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SMSF Death Benefit Agreements end the "lapsing/non-lapsing binding death benefit nominations" confusion

SMSF members can now arrange binding Death Benefit Agreements that do not lapse after 3 years — the agreement binds the trustee(s) until the member revokes it.

Paul Ellis and Julian Smith

Why are the new Death Benefit Agreements needed?

ClearLaw has previously warned on the risks associated with making binding death benefit nominations that are not consistent with all of the requirements specified in superannuation law, including the 3 year lapsing requirement (click here to read more).

Many SMSF members want to bind their trustees as to how their benefits are to be paid after they die. The trouble is, superannuation law requirements say that after 3 years, a binding death benefit nomination expires. After it expires, the trustees (or other directors of the trustee) are free to distribute the relevant money anyway they like that the law allows — often, even to themselves.

How can SMSF members eliminate uncertainty about how their death benefits will be paid?

SMSF members can eliminate uncertainty about how their death benefits will be paid by:

  • giving a properly executed binding death benefit nomination to the SMSF trustee that is completely consistent with all requirements of the superannuation law — including the requirement that it expire after 3 years. Members then need to update their death benefit nomination at least every 3 years; or
  • incorporating specific death benefit payment provisions into the SMSF's deed through a Death Benefit Agreement and then implementing the permanent (until revoked) binding Death Benefit Agreement.

How can an SMSF deed allow Death Benefit Agreements?

Provided that the right clauses are present, a SMSF deed can provide for SMSF members to make a Death Benefit Agreement that:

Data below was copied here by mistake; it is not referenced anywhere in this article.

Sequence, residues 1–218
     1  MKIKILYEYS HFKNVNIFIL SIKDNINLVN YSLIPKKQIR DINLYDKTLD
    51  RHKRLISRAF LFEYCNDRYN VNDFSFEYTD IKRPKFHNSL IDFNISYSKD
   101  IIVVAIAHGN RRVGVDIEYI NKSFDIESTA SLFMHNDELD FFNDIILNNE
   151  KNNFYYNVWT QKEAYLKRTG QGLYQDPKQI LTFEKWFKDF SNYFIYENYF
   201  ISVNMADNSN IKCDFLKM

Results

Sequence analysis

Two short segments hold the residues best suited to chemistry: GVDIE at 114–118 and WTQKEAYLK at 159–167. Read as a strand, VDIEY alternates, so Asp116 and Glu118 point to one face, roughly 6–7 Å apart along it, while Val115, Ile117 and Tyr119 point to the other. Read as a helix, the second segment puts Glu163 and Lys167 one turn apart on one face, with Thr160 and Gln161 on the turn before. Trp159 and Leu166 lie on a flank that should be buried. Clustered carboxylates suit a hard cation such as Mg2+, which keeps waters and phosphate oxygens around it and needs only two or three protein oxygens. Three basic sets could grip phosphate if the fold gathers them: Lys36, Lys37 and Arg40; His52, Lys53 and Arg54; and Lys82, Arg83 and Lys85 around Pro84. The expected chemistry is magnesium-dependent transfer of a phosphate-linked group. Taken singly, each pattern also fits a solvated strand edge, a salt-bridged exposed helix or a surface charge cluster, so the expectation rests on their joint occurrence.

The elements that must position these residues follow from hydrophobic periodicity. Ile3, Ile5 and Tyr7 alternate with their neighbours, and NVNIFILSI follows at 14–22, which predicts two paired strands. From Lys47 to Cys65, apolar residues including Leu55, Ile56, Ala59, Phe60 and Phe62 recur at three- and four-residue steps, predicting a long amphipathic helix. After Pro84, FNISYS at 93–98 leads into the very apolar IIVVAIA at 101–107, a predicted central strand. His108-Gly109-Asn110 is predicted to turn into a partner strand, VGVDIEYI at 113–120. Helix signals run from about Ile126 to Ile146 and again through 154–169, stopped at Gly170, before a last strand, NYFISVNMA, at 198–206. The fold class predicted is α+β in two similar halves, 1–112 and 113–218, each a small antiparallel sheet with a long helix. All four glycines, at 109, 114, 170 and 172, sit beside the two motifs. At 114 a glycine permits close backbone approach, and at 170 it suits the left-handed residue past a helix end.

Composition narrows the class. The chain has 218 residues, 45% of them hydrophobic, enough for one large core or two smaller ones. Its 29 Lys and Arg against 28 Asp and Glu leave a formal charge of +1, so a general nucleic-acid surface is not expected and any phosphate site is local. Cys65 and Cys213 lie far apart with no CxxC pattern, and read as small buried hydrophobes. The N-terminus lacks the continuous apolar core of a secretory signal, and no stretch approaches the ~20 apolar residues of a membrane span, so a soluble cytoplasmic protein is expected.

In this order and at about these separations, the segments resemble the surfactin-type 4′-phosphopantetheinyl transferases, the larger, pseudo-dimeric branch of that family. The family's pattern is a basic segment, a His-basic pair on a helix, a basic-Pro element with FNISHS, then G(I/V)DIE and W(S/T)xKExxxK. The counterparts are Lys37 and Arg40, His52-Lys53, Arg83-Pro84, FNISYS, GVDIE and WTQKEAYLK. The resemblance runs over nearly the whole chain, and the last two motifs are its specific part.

• does not lapse;
  • is binding on the SMSF trustee;
  • takes priority over death benefit notices and non-binding nomination forms;
  • lets the SMSF trustee avoid making a payment that would be required by the Death Benefit Agreement but is prohibited by superannuation law (such as a payment to a non-dependant); and
  • allows the SMSF member to terminate the agreement by notice to the trustee or to replace it with another Death Benefit Agreement.

How does the Death Benefit Agreement work?

A Death Benefit Agreement is an agreement between an SMSF member and the SMSF trustee that — when executed — forms part of the SMSF's deed. The agreement specifies how the SMSF member's benefits are to be paid after the member dies in the same way that a binding death benefit notice does. But, because the Agreement is supported by the SMSF deed — and does not purport to be a binding death benefit notice under the superannuation law — it does not lapse until:

  • the member terminates it by notice; or
  • the member replaces it with another Death Benefit Agreement.

Do I need to update the SMSF deed?

The Death Benefit Agreement depends on the SMSF deed containing the clauses that support the Agreement. Without those clauses, the Agreement would be invalid. So, any SMSF member with an existing fund who wishes to make a Death Benefit Agreement, needs to arrange for the SMSF's deed to be updated first.

Other good reasons to update SMSF deeds now are set out in another ClearLaw article.

Questions & Further Information

For questions or more information about SMSF deeds, the payment of death benefits and succession planning generally call Maddocks in Melbourne (03 9288 0555) and ask for a member of the Maddocks Superannuation Team.


Lawyer in Profile

Jack Coventry
Jack Coventry
Senior Associate
+61 3 9258 3819

Qualifications: BA (Philosophy), Monash University, JD (Juris Doctor), University of Melbourne

Jack is a member of Maddocks Commercial team. He advises a range of corporate and private clients on:

  • M&A transactions,
  • corporate reorganisations, and
  • legal and tax structuring.

Jack acts for clients on both buy-side and sell-side and specialises in founder-owned businesses and Australian subsidiaries of multi-national companies. He works across a number of sectors including information technology, professional services, and property development and management including land lease.

Jack’s structuring work includes assisting multinationals to structure Australian operations, listed companies to achieve regulatory compliance / optimisation and providing general tax structuring. He has also represented clients in tax controversies including before the General Anti-Avoidance Review Panel (GAAR Panel) and the Federal Court of Australia.

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